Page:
The law is also careful to distinguish between what one may call “pre-paid bribes” and “post-paid bribes”. Thus an MP would be held to have received a “pre-paid” bribe even where the payment is made to him/her in the hope, anticipation, belief, prospect or probability of his/her election. It is immaterial that the person is not yet an MP as at the time of the making of it, if the endeavour, agreement or offer is made in the expectation that he/she will or may become an MP. It is also immaterial, whether the act to be done by a person in consideration or in pursuance of the gift, promise, prospect, agreement or offer is criminal or wrongful otherwise than by reason of any other law. This covers a corrupt agreement for lawful consideration. But it is critical to note that if you make a payment to a candidate in an election, as part of an agreement or endeavour to influence his/her conduct if elected, both you and the candidate are guilty of the offence of corruption, even if the candidate loses the election!

With respect to what may be called ‘post-paid’ bribes, the offence is committed where after an MP does an act, he/she secretly accepts or agrees or offers to secretly accept for personal gain or for any other person, valuable consideration on account of the act. Here, the law presumes that until the contrary is shown, the MP acted corruptly before doing the act. In like manner, the offence is also committed where after an MP does an act, any other person secretly agrees or offers to give or to procure for the MP or any other person, valuable consideration on account of that act. Here too, the presumption is also that the person so agreeing or offering, corrupted the MP before the doing of the act.

Thus in the case of Republic v. Hagan [1968] GLR 607, the court held that for the purpose of committing the offence of accepting a bribe to influence a public officer, whatever public office is held by the accused is irrelevant, for no question of the colour of the offender’s office arises. His position would be the same whether he holds public office or not. The accused must have acted under pretence or under colour of having influenced or being able to influence. One acts “under colour” if he represents or misrepresents that he has influenced or is in a position to influence. Such a representation or misrepresentation may even be made through an intermediary.

It is also important to consider the related offence of Extortion. It is committed by a public officer who, under colour of office, demands or obtains (whether for public purposes or private gain or for any other person) money or valuable consideration which he/she knows is not lawfully authorised. There are 3 decided cases that explain this principle very well.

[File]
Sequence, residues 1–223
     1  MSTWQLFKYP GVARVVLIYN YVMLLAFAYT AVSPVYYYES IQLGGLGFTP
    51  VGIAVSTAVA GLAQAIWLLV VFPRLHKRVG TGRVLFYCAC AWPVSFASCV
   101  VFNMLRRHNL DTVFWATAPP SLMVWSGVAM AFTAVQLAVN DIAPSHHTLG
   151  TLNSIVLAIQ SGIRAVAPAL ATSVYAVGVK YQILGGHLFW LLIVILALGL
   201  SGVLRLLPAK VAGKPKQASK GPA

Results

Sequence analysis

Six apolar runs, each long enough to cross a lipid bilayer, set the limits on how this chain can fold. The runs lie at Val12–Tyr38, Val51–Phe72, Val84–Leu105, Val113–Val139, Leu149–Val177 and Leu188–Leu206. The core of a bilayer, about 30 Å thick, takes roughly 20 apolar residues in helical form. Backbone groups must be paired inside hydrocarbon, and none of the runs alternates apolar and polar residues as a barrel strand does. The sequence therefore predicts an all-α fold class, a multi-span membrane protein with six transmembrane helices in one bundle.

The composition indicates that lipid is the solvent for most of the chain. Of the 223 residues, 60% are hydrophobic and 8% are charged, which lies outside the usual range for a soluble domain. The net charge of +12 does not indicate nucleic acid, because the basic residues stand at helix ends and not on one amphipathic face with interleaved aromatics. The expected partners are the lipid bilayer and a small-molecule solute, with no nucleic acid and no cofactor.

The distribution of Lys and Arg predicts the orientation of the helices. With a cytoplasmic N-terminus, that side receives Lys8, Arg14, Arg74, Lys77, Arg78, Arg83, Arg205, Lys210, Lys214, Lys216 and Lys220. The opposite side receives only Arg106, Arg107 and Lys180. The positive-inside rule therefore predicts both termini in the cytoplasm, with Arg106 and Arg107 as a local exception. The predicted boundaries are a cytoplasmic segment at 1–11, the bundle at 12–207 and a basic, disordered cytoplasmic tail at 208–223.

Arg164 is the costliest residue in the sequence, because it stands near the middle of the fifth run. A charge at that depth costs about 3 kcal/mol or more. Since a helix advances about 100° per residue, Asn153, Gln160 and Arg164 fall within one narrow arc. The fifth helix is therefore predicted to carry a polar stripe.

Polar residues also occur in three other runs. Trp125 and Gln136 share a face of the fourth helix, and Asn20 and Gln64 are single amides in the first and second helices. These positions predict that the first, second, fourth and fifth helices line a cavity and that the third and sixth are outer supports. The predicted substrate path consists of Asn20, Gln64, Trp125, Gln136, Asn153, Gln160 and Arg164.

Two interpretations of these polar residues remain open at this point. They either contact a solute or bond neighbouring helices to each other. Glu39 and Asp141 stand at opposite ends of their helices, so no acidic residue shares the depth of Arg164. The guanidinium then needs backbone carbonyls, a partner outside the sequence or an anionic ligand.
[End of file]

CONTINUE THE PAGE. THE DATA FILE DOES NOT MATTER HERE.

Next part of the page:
First, in Motayo v. COP (1950) 13 WACA 114, the court was emphatic that “to constitute an offence under that section there must… not only be a corrupt demand, but also a pretence that the party making it is lawfully empowered to do so by reason of his employment. It is immaterial whether he pretends that the money is to be paid into the funds of the public authority that employs him or whether it is a perquisite for himself; it suffices if he conveys the impression to his victim, whether directly or by implication, that by virtue of his employment he is entitled to demand it.”

Second, in Republic v. Hagan (supra.), the court distinguished between bribery and extortion, and held that where a public officer demands or obtains a bribe, this did not ipso facto amount to extortion, merely because the recipient happens to hold a public office. The demand or obtaining must have some reference to the particular public office held by the accused, and there should be an act or conduct which amounts to the representation or misrepresentation of the duties of his office.

And third, in Appiah v. The Republic [1989-88] 2 GLR 377, it was held that the offence of extortion as defined is in the alternative, “demand” or “obtain.” The demand might be either directly or indirectly made. If indirect, proof of the demand might well nigh be impossible without other enabling statutory provisions. “Obtaining” lends itself to readier proof and readier defences. It is the suspicious end result that flows from a representation that must be explained and is capable of explanation if an innocent one existed. Accordingly, a posture of an ability to deliver under colour of office, whether positively or impliedly, might amount to a constructive representation if the other limb of the offence, namely “obtaining” is proved. Consequently, provided there is representation, demand or obtaining, the offence is committed even when the payment secures no returns.

Thus the offence of Extortion is committed, for instance, where MPs, as members of a committee of Parliament, adopt a posture that delays or frustrates the consideration and approval of a budget or agreement in such a way that compels a person to send “brown envelopes” to them. Once the benefit is obtained, the demand for it would be implied by law, and the offence of extortion would have been committed.

Contempt of Parliament
The general position under article 122 of the Constitution and section 26 of the Parliament Act, 1965 (Act 300) is that acts that impede or tend to impede Parliament in the performance of its functions, or affront its dignity, amount to Contempt of Parliament.